Geoffrey Harrison, 1928-2019

Tributes paid to internationally renowned figure in technology education

May 9, 2019
Geoffrey Harrison

A pioneer of new approaches to teaching technology in schools has died.

Geoffrey Harrison was born in Newcastle upon Tyne in 1928 and studied at Dauntsey’s School in Wiltshire, where the philosophy of self-help had a deep impact on his subsequent development. He worked as a radar mechanic in the Royal Air Force (1947-49) before reading mechanical sciences at St Catharine’s College, Cambridge (1949-52) and working as an assistant at an electrical engineering consultancy called Merz and McLellan (1952-54). This led him to reflect on how to improve engineering education, so he became a science lecturer at the Royal Naval College in Dartmouth (1954-57).

Disappointed that the job allowed him no time for practical work, Professor Harrison applied to his old school, saying that he was looking for a role “where ingenuity at devising apparatus is useful, where one can develop ideas on teaching and where one’s work can be of clear value”. He was appointed engineering master at Dauntsey’s (1957-65) and soon put his philosophy into practice by getting the boys to design a new engineering block. This led to a position as principal lecturer and head of the department of creative design at Loughborough Training College (now part of Loughborough University), 1965-72, where he was invited by the Schools Council to oversee a highly influential curriculum development project known as Project Technology.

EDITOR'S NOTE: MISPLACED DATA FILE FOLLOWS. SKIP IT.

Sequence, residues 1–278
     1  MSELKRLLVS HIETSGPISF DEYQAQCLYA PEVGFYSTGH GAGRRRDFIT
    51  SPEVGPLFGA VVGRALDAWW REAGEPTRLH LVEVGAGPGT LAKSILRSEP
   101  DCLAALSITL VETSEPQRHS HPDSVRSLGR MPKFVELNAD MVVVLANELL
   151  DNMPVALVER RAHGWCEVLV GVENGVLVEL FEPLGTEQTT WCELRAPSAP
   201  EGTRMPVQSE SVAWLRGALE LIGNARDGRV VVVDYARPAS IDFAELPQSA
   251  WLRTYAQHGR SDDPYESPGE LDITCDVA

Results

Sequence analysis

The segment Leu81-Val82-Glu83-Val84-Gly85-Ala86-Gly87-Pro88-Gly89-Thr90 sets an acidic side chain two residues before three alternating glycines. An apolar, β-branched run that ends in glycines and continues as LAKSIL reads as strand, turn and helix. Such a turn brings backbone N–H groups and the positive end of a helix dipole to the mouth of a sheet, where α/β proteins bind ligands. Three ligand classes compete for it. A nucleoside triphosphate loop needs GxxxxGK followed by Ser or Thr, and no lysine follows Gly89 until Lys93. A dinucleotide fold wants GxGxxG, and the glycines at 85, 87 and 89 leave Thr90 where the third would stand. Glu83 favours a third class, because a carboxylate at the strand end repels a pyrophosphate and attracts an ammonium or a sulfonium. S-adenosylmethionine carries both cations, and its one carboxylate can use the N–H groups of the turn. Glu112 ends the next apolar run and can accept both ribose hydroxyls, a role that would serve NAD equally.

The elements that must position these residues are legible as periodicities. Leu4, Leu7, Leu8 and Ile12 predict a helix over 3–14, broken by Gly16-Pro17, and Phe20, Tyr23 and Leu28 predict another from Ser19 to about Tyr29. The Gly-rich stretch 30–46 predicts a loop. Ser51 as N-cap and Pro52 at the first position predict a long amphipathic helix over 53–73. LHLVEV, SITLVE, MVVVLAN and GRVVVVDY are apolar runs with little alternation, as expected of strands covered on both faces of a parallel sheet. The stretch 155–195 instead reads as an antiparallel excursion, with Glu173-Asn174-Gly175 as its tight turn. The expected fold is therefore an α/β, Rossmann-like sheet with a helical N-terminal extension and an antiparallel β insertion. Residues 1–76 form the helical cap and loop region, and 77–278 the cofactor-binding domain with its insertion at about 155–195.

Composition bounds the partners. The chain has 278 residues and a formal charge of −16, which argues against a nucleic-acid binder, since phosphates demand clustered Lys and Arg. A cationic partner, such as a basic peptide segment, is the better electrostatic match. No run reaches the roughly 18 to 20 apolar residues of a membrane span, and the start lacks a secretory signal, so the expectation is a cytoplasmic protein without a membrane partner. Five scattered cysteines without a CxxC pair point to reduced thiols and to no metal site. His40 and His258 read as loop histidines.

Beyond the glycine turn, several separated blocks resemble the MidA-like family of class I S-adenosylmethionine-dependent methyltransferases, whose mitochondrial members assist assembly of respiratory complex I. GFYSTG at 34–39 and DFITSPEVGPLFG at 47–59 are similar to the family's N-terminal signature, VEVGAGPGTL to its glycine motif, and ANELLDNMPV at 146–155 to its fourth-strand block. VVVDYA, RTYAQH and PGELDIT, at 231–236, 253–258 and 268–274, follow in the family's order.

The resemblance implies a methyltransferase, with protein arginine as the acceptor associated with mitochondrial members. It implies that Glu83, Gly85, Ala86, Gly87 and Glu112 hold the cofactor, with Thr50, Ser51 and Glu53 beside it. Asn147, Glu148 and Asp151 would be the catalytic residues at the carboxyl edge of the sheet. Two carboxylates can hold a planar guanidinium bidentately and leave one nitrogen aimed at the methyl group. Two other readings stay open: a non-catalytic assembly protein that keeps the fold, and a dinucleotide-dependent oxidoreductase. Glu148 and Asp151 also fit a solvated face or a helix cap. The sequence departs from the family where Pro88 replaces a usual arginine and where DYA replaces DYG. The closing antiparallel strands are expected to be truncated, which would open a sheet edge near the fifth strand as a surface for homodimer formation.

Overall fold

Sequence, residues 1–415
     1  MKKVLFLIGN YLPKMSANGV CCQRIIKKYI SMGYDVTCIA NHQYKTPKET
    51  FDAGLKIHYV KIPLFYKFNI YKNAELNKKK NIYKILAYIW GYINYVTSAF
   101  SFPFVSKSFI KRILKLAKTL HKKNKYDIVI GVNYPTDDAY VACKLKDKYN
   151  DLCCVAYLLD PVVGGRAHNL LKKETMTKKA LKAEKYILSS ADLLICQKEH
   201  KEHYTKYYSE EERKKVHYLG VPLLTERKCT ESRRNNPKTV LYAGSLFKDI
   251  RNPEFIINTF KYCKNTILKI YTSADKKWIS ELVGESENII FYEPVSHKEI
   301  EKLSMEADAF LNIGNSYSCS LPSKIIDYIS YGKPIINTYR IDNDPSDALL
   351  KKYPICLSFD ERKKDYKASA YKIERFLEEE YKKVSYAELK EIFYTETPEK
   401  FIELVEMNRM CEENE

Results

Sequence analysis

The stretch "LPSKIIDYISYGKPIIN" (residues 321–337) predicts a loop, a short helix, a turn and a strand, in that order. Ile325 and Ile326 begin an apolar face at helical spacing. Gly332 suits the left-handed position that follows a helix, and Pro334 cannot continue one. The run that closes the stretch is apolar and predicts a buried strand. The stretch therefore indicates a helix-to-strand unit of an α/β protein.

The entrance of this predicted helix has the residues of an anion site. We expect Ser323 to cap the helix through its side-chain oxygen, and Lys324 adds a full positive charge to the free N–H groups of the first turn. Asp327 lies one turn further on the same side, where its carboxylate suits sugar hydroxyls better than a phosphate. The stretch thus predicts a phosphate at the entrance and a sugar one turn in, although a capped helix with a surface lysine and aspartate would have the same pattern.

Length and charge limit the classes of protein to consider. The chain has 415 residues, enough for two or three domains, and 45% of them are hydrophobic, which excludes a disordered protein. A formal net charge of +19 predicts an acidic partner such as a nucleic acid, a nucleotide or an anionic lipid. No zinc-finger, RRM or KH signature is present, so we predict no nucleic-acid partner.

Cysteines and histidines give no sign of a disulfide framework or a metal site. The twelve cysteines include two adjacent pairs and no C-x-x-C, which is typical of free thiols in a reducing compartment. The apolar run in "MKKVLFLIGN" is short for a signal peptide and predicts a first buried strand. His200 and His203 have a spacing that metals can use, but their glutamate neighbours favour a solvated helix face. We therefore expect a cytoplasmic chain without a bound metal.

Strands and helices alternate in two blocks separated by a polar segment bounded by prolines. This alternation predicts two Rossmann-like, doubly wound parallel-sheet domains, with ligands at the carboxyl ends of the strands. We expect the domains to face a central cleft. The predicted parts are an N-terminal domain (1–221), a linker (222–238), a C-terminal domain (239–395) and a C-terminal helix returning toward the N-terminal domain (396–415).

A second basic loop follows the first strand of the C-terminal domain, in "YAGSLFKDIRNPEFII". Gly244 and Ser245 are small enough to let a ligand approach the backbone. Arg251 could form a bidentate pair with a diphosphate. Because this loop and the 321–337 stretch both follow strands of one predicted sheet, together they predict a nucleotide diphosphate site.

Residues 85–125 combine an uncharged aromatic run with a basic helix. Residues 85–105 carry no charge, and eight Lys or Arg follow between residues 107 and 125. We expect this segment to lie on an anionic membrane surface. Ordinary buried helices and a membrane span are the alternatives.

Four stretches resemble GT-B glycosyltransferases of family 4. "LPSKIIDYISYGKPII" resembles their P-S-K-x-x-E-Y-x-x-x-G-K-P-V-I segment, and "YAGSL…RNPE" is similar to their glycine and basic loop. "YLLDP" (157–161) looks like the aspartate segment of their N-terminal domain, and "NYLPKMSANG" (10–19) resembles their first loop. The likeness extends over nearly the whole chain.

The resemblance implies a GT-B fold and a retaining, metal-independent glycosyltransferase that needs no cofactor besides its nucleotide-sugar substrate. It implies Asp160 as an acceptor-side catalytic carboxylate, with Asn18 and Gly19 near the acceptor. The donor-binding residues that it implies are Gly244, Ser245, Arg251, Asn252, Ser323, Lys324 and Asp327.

In 1972, Professor Harrison became the head of the new National Centre for Schools Technology at Trent Polytechnic (Nottingham Trent University from 1992). He oversaw the construction of the custom-built Barnes Wallis building, secured a promotion to professor of design and technology education in 1980 and soon became one of the most influential figures in his field. He led the government-funded School Technology Forum for teachers and edited the journal School Technology. The 1985 book he co-authored with Paul Black, In Place of Confusion, helped establish the scope of design and technology education and its links with science education, and he played a central role in ensuring a place for design and technology in the 1989 National Curriculum.

“Professor Harrison’s work is recognised both nationally and internationally as an important framework for technology teaching,” said Malcolm Plant, formerly principal lecturer in design and technology education at Nottingham Trent. “He had vision, determination and tenacity to pursue his belief in the importance of creative approaches to technology that continues to influence university teacher training programmes and schools across the UK.”

Professor Harrison died of heart failure on 12 March and is survived by his wife, Laurie, three children and three grandsons.

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